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P271 Epidemiological characteristics and factors associated with ulcerative proctitis progression

A. Dimitriu*1, S. Necula1, B. Cotruta1, L. Gheorghe1, C. S. Pop2

1Clinical Institute Fundeni, Department of Gastroenterology, Bucharest, Romania, 2Emergency University Hospital Bucharest, Department of Gastroenterology, Sector 5, Bucharest, Romania

Background

Extension of ulcerative proctitis beyond the rectum is associated with worsened prognosis and imposes a change in the therapeutic management and follow-up.

The aim of this study was to evaluate the natural course of ulcerative proctitis, the rate of proximal progression, and the characteristics of patients with change in the disease pattern.

Methods

We retrospectively analysed 61 patients with ulcerative proctitis hospitalised between January 2012 and April 2015. We characterised the group based on the epidemiological, endoscopical, and therapeutic features. We calculated the rate of disease progression and in this sub-group, we evaluated the incidence of the following possible risk factors: age (< 40 y), Mayo score on diagnosis, and type of treatment.

Results

The total group was composed of 47.5% women and 52.2% men. Most of the patients (75.4%) were urban citizens and did not associate smoking as a present/past risk factor (77.6%).The average age at diagnosis was 40.49 years (+/- 13.85). The distribution based on the Mayo score was: 1 (76.24 %), 2 (19.3 %) and 3 (4.46 %). Further, 72.1% of patients received local treatment; 62.3% associated systemic 5-ASA to the local treatment; and 31.1% necessitated corticosteroids. The rate of extension was 31.3%, with 19 patients experiencing disease progression during the 3 years of follow-up (68.4% progressed to E2 and 21.1% to E3).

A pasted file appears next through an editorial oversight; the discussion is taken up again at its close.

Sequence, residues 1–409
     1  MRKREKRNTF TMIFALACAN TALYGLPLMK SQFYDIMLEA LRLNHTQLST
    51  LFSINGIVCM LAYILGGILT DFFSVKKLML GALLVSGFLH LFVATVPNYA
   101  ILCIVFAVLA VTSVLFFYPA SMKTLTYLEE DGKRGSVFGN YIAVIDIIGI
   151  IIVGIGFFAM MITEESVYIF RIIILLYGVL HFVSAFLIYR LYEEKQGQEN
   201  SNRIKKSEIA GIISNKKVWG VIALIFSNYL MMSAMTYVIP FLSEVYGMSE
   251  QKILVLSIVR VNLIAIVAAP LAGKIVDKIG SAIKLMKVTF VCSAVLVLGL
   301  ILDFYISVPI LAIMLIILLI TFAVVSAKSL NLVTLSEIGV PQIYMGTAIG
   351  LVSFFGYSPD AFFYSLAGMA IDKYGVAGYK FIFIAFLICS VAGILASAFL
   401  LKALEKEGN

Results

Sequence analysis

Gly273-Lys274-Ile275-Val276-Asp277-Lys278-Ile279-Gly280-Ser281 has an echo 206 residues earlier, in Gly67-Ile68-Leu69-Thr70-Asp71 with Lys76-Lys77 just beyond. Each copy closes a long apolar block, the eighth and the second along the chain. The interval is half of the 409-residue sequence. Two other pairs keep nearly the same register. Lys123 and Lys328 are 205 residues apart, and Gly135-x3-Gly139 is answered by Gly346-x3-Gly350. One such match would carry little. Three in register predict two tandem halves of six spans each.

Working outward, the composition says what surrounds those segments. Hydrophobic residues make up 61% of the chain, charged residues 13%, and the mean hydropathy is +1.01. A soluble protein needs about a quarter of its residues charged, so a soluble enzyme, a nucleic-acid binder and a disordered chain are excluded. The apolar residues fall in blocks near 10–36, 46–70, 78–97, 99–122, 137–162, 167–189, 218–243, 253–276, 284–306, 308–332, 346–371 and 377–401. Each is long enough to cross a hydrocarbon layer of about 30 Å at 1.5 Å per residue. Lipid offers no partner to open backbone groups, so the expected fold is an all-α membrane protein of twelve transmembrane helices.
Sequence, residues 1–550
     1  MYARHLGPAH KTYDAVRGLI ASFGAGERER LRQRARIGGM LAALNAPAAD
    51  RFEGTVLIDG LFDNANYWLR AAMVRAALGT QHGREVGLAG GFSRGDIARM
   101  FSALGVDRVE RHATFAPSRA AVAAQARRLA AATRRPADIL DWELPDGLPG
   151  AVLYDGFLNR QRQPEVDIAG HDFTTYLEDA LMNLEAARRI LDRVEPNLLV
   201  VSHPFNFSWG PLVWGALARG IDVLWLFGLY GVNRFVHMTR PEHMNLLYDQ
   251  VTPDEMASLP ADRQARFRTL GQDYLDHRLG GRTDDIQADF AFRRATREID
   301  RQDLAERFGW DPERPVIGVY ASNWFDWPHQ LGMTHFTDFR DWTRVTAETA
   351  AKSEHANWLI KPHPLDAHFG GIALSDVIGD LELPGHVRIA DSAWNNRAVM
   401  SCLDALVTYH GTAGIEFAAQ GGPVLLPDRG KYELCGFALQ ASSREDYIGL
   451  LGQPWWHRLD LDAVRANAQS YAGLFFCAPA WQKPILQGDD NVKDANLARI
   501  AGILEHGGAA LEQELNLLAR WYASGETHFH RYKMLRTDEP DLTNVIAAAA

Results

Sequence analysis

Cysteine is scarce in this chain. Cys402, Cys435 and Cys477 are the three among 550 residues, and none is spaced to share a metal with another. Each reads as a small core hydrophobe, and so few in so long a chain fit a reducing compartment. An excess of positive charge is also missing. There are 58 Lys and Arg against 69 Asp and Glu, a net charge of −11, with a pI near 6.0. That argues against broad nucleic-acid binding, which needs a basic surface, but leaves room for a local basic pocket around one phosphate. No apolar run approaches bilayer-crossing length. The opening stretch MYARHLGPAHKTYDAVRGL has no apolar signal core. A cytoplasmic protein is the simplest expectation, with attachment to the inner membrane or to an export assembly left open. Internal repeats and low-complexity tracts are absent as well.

In the sub-group with disease progression, 52.63% had < 40 years on diagnosis; 57.14% had obtained the Mayo score 2 at diagnosis; and 94.73 % were not-active/ex-smokers. (p = 0.0005). Moreover, 63.15% were receiving treatment with local 5-ASA only, and 32.15% had association with oral 5-ASA.

Conclusion

We found a higher than estimated rate of disease progression (31.3 % in 3 years) compared with the rate reported in the literature (20% in 5 years). We identified the following risk factors for disease progression: young age at diagnosis, Mayo score ≥ 2, and non-active/ex-smoker status (p < 0.005).

In our study, local treatment with 5-ASA without oral 5-ASA association did not prove statistically significant, although the majority of patients with disease progression had this finding (63.15 %).